How many drivers must have tapped their toes, nodded their head and done their level best to hit the same notes as singer Heather Small, who belted out Ride on Time – a song that was written by Daniele Davioli as an attempt to create a dance track that combined the power of a rock song? Big name DJs across the UK, including Paul Oakenfold and Danny Rampling, helped popularise this track.

(We Want) The Same Thing, Belinda Carlisle (1990)

Technically this pop classic arrived on Carlisle’s 1989 album Runaway Horses, but as the single burst onto the airwaves in October 1990 – hitting the charts at number six – it’s going in our Nineties collection. Not strictly a driving tune, but with a strong chorus and an optimistic refrain we reckon it’s well-matched to the similar optimism of the early-‘90s automotive market.

Driven by You, Brian May (1992)

“Driven” is right there in the title of this early-‘90s rock number by Queen guitarist Brian May, but its place as a solid driving tune was cemented by its use in Ford’s advertising in the early 1990s. The track was undoubtedly better than the mainstream cars Ford was producing at the time, though if you’re bringing an Escort Cosworth or an RS2000 to RADwood, this would be a fine tune to get you in the mood.

Rhythm is a Dancer, Snap! (1992)

A taste of the 1980s leeching well into the early ‘90s, Rhythm is a Dancer has no direct link to anything automotive other than the sense of period-perfection gleaned from pumping it through the speakers of say, an Astra GTE. A chart-topper for a full six weeks in 1992, this track was everywhere back in the day and, at 124bpm, was an obvious choice for testing out boot-filling bass installs at the dawn of the Max Power era.

Bat Out Of Hell, Meat Loaf (1993)

A theme shared among many of the ‘90s tracks here is a beat that’ll make you step just a little harder on the accelerator pedal, but Meat Loaf’s signature track will see you pushing said pedal almost through the floor. Ideally you’d want something like a Harley-Davidson to enjoy this Jim Steinman masterpiece to the fullest, but it sounds great pumping through a low-end car stereo from a slightly hissy cassette, too.

Roll to Me, Del Amitri (1995)

Short and sweet, this one, at little more than two minutes. The video’s closest link to four wheels are the prams in which the band’s members are being pushed (it’s… an odd video, that’s for sure), though we do glimpse a rather fine Karmann-Ghia. But summer tracks of the Nineties don’t get much better – this is a real “driving to the beach” hit, ideally played in a brightly-coloured supermini, windows down and ever so slightly too warm with no standard-fit air conditioning…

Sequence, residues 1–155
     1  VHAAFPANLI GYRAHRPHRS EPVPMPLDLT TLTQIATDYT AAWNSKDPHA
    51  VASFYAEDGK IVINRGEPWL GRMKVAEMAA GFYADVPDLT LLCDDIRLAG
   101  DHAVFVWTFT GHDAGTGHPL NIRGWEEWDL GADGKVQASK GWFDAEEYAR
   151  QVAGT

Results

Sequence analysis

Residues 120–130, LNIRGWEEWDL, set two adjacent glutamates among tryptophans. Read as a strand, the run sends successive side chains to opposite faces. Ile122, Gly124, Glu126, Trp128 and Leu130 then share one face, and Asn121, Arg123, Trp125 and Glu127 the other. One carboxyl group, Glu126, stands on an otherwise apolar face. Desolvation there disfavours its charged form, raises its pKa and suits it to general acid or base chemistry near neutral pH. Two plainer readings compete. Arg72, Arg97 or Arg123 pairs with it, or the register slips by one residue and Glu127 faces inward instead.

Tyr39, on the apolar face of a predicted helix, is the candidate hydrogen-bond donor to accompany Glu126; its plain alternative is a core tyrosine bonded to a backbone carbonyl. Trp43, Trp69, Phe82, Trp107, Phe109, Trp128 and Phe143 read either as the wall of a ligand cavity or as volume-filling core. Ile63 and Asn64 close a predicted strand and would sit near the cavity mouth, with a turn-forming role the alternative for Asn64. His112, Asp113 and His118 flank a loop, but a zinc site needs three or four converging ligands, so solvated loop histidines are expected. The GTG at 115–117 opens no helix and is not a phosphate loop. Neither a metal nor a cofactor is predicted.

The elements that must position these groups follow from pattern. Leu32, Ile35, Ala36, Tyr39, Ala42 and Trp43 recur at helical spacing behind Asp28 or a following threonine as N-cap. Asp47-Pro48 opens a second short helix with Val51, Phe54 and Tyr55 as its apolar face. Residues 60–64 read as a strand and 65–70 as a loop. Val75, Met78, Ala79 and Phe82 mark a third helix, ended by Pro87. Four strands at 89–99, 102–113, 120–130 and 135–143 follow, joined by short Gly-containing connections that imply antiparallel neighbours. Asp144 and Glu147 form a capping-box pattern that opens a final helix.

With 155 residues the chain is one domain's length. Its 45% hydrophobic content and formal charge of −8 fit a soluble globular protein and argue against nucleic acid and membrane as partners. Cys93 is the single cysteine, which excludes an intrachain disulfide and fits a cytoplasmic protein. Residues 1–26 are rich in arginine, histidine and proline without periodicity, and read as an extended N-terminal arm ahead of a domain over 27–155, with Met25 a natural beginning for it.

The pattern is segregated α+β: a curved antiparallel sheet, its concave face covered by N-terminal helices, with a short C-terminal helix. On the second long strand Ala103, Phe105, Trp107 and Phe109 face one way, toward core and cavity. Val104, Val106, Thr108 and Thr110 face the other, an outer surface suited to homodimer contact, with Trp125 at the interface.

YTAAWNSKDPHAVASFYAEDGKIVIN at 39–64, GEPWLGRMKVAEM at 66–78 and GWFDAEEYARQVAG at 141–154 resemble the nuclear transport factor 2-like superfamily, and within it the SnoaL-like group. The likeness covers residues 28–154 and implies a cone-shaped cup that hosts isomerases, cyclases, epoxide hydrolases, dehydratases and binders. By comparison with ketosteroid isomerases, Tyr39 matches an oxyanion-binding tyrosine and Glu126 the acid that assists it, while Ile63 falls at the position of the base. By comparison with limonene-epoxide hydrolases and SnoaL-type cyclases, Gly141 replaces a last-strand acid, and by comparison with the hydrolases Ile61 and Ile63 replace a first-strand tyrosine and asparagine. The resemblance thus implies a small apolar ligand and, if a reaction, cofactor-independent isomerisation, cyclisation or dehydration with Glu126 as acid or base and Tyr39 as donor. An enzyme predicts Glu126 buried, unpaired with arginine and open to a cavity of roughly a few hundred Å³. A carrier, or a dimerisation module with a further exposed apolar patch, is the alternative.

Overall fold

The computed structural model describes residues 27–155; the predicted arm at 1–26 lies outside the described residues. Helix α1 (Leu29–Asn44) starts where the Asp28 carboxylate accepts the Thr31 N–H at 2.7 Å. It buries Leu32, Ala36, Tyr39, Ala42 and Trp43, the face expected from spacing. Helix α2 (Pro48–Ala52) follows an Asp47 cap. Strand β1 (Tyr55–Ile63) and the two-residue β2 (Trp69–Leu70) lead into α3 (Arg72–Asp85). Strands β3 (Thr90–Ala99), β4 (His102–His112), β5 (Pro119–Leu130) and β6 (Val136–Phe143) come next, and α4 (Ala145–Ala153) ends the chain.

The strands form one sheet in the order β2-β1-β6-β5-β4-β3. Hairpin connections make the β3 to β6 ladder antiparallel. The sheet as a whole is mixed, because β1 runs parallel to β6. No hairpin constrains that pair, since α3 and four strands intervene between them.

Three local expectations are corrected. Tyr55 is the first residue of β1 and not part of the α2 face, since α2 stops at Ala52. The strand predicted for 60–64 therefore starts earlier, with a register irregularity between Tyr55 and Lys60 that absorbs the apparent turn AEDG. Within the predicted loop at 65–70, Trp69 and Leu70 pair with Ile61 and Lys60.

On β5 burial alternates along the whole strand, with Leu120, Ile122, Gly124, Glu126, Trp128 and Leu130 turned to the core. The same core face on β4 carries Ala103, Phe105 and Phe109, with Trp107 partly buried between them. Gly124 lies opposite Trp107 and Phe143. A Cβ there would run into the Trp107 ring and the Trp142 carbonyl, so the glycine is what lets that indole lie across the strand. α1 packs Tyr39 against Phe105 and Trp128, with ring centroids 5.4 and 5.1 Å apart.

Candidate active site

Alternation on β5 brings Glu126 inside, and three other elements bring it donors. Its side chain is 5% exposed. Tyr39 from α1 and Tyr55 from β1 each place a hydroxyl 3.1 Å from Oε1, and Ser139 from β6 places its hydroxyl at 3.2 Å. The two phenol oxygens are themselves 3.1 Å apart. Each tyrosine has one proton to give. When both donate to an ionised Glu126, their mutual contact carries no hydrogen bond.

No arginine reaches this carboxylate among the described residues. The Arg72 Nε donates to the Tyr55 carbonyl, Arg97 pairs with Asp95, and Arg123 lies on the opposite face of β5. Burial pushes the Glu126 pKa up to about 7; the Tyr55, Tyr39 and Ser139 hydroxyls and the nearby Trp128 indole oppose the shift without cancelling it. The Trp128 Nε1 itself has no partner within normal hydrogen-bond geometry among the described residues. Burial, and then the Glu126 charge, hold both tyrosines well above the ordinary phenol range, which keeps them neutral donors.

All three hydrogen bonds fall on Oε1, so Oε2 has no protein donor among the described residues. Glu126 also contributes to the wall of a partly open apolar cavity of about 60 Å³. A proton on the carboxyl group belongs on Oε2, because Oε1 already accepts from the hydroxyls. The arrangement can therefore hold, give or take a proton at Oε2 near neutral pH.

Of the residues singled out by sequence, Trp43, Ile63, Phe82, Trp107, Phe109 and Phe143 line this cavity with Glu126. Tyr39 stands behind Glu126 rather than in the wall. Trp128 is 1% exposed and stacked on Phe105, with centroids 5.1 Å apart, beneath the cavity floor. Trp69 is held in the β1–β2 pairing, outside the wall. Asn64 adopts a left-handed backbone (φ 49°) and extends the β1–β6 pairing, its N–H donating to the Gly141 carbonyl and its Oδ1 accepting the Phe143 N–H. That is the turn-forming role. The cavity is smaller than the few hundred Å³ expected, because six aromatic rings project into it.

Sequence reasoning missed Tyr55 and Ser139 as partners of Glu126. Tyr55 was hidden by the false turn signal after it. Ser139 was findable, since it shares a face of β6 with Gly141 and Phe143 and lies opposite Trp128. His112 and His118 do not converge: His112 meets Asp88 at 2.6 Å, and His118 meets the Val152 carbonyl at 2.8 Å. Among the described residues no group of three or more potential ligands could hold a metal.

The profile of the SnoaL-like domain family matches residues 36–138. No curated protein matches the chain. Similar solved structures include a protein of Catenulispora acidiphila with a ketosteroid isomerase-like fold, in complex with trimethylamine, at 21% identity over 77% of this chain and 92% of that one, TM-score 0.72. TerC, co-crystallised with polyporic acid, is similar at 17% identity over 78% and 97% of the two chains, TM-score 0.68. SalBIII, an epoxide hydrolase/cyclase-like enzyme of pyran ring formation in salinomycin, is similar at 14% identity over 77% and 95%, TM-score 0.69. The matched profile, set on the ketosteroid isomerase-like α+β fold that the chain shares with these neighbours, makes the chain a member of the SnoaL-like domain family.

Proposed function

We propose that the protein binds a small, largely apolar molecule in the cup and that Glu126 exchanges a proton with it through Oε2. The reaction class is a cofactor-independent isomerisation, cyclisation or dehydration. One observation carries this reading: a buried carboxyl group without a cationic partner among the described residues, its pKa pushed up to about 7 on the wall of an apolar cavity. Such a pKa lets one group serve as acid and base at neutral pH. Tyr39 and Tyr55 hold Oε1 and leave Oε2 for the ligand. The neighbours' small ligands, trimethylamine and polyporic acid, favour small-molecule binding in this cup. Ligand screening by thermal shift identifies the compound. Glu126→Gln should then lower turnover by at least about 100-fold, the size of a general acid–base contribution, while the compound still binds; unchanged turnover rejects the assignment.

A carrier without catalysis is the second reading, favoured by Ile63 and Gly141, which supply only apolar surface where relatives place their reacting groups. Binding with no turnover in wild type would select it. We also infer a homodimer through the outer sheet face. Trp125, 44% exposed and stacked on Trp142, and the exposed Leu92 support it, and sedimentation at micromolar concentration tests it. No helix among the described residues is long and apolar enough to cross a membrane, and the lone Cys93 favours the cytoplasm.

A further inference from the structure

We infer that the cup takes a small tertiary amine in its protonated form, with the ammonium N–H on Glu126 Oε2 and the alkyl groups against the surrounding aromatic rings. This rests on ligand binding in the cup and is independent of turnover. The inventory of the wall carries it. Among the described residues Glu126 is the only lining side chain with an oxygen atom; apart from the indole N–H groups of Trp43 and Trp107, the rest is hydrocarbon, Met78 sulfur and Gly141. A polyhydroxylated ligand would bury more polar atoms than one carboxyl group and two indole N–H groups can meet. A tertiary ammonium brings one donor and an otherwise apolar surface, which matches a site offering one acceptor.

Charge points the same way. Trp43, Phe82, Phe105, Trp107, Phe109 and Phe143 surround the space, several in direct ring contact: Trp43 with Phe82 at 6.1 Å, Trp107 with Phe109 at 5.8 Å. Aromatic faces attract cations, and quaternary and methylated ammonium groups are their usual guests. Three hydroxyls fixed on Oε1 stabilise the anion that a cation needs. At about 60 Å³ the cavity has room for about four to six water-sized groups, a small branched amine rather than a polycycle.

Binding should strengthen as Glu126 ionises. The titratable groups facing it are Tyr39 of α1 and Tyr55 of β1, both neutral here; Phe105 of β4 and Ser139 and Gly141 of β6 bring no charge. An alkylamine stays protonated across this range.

Roll With It, Oasis (1995)

Our second track with “roll” in the title also has that intangible quality of motion that makes the phrasing quite appropriate (also exercised by Limp Bizkit’s Rollin’, released a little too late for this list in September 2000). It ticks several other boxes for a driving song too, including appropriate lyrics (“I know the roads down which your life will drive”), and it sounds just right on less than perfect audio equipment (like, for example, the factory stereo in a Nineties car).

The Riverboat Song, Ocean Colour Scene (1996)

Wrong mode of transport perhaps, but the sharp opening riff of The Riverboat Song feels much better suited to driving than a gentle cruise along our nation’s waterways. The video’s nothing special, but you’ll not care about that when it’s crackling through your car stereo – though maybe crackling is the wrong word, with CDs taking over as the dominant playback medium by 1996. The band clearly had a thing for transportation, though, releasing The Day We Caught The Train a few months later.

Just A Girl, No Doubt (1997)

The Spice Girls promised Girl Power in the ‘90s, but the real Girl Power came from No Doubt’s Gwen Stefani. Just A Girl is a song about independence (or lack of it) with lyrics that’ll make you appreciate the freedom of driving, while a driving guitar riff and top-of-your-voice chorus will keep you energised for the full three and a half minutes of airtime. Stefani’s released a number of belters, both in No Doubt and as a solo artist, but this is among the best of them.

My Favourite Game, The Cardigans (1998)

Of all the 1990s tracks on this list, My Favourite Game pretty much picked itself. Let’s look at the facts: The Jonas Åkerlund-directed video is basically a 1970s road movie, singer Nina Persson thrashing through the desert in a 1974 Caddy Eldorado convertible. The song featured on The Cardigans’ album, Gran Turismo. It was the title track to the videogame Gran Turismo 2. And even if you ignore all that, the energetic beat, rolling bassline and catchy riff make it pretty much the perfect driving tune as it is. A ‘90s rock classic.

We Like To Party, Vengaboys (1999)

If you’re not in the mood for it, 1999 hit We Like To Party (also known as The Vengabus) by Eurodance group Vengaboys is like sandpaper for the ears. But it’s also undeniably a road trip song (they are, after all, all on a road trip in the video) and dance music did play a big part in late-1990s car culture – close your eyes and you can imagine this one pumping out of some 6x9s at a slightly dodgy cruise night. Just try and keep the volume down at RADwood, please.